Palm Pre

Sprint Probably Didn’t Sell As Many EVO’s As We Thought

Sprint has released a statement today in regards to the sales figures of the EVO. Apparently they made a mistake when they said the EVO has sold twice as many as the Pre and Instinct combined on their release day. What they meant to say was the EVO sales was “in line” with sales of the aforementioned handsets.

Android With A Palm Pre Like Form Factor?

If you love Android but also like the styling of the Palm Pre you can soon have the best of both worlds. Introducing, the upcoming Alcatel OT-980 Android slider phone from a French OHA member and new comer to the Android game. 

Mobile Wait Times for Android Now Available

For the Android user who wants to go to Walt Disney World and needs to know the wait time for certain attractions in the famous park, TouringPlans.com has a solution. Lines, a mobile website that displays estimates of wait times for every attraction at Walt Disney World. The folks at TouringPlans have launched in the past products such as Touring Plans and the Crowd Calendar to help the visitors at Walt Disney World to efficiently tour the parks and avoid the crowds. And now, Lines is available for Android as well as for the first and second webOS phones; Palm Pre and Pixi, oh, and the fruit phone too. With this service, they will help you to "Find out how long you'll actually wait in line for every attraction." And not only that but you can also "Get crowd estimates, refurb data, single rider lines, & more." Now, when you think you are stuck and don't know how long the line is at Space Mountain, or Frontierland, just get your Android phone out and hit http://m.touringplans.com (Lines) in your browser, to unleash the power of this mobile web app. Lines is free to use for a limited time, and you’ll need to subscribe to use Lines during this preview. Is anyone here planning a trip to Florida and especially to WDW, let us know in the comments if this web app worked out for you. [Via MyPre.com]

Sprint airs a new Now Network Commercial with the HTC Hero in it [Video]

If you have seen one of the new Now Network TV Commercials from Sprint/Nextel, then you have notice how different - and better - those are in comparison to the old black and white with Dan Hesse in them. Well, Sprint is now airing one of those nicer Now Network ads with the HTC Hero in it. This new TV commercial is for the holiday shoppers to see some of the best handsets that Sprint carries. In it you can see the little black pebble; the Palm Pre, the chinless (and better looking, at least in my opinion) HTC Hero and the BlackBerry Tour. Unfortunately, the Samsung Moment is missing on this commercial, why Sprint did not include the Samsung smartphone is a mystery. But at least is finally releasing commercials for Android devices, and calls the Sprint HTC Hero as a customizable phone with access to thousands of applications. [youtube]http://www.youtube.com/watch?v=P5hy2jMYFTE&feature=player_embedded[/youtube]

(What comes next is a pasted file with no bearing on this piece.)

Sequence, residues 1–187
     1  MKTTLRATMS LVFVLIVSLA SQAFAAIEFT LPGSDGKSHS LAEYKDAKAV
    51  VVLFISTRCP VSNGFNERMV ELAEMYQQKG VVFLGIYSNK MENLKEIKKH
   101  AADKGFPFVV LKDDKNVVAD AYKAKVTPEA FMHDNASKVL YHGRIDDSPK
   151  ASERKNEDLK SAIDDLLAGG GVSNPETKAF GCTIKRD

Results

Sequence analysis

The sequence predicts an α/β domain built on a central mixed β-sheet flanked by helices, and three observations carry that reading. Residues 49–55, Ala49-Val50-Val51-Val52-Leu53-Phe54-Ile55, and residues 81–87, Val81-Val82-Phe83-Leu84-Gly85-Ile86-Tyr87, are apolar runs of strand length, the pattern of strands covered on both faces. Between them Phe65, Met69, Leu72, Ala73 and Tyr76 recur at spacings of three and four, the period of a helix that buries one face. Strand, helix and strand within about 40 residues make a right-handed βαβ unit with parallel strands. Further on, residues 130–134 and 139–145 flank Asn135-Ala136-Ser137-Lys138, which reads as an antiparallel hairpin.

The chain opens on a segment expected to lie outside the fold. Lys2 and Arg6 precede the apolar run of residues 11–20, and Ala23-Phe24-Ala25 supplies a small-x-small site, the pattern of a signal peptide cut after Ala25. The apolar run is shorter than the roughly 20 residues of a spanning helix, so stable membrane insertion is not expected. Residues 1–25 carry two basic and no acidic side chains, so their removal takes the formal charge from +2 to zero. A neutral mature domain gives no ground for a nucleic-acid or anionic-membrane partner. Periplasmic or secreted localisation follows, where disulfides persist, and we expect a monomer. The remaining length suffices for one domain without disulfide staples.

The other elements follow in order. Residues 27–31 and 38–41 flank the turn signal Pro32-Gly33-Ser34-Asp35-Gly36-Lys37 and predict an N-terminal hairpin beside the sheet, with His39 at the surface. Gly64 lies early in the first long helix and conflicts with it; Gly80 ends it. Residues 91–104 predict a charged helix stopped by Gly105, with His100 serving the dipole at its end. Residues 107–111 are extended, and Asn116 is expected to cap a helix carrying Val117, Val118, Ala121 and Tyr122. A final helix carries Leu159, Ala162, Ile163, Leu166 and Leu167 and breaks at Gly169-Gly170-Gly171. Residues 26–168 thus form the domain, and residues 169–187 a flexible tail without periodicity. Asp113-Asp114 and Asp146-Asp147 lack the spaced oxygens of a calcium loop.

Android team forced to pull Palm Pre theme

Customization is one of the big draws to open source devices like those running Android. Users can modify and customize their devices to their hearts content. One of the stranger ways to customize phones to me is to try to make them look like other devices. A theme has been available for Android that mimics the look and feel of the Palm Pre. As it turns out the theme used wallpapers and icons directly from webOS and raised the ire of Palm.

Google axed Android multitouch at Apple’s request

Multitouch support was dropped from the Android platform, and therefore the T-Mobile G1, after Apple requested it not be included.  That's the latest rumor, apparently confirmed by an unnamed Android team member, who described the arrangement as an attempt by Google to avoid the IP aggression we've recently seen between Apple and Palm. While the G1's capacitive touchscreen certainly recognizes multitouch input - as recent hacks have demonstrated - and earlier builds of Android code included what's believed to be Google-written, but subsequently disabled, multitouch support, the functionality did not ship in the released device.  At the time, this was generally put down to Google's ambitious launch schedule, promising an Android device by the end of 2008, and that lack of timing meaning that multitouch fell by the wayside.  However it now looks as though its omission was purposeful, with Google prioritizing their good working relationship with Apple - and, some might say, common foe in Microsoft - over the handset's eventual capabilities. The unnamed source also confirmed the rumors that Intel is expending great efforts in supporting Android netbook development, suggesting that the chipset company is keen to be further involved in open-source budget ultraportable hardware.  While Intel's specific plans are unknown, the Android team member revealed that there are many different Android-based netbooks - as well as other, non-phone and non-netbook hardware - in development at present.

Porting Android to Palm Pre

We are still presumably months away from the launch of what’s hyped to be 2009’s hottest handset, the Palm Pre.  The timeframe hasn’t stopped a few, however, from beginning the port of Google’s open mobile OS, Android, to the newest must-have device. In fact, efforts to port Android's system to the OMAP 3 language (the processor architecture used in the Pre) have been ongoing since July of last year.  The biggest hurdles will be accessing the Pre’s low-level system, called the bootloader, to enable switching between its webOS and Android, and finding enough space to do it in Pre’s fixed 8GB of internal storage.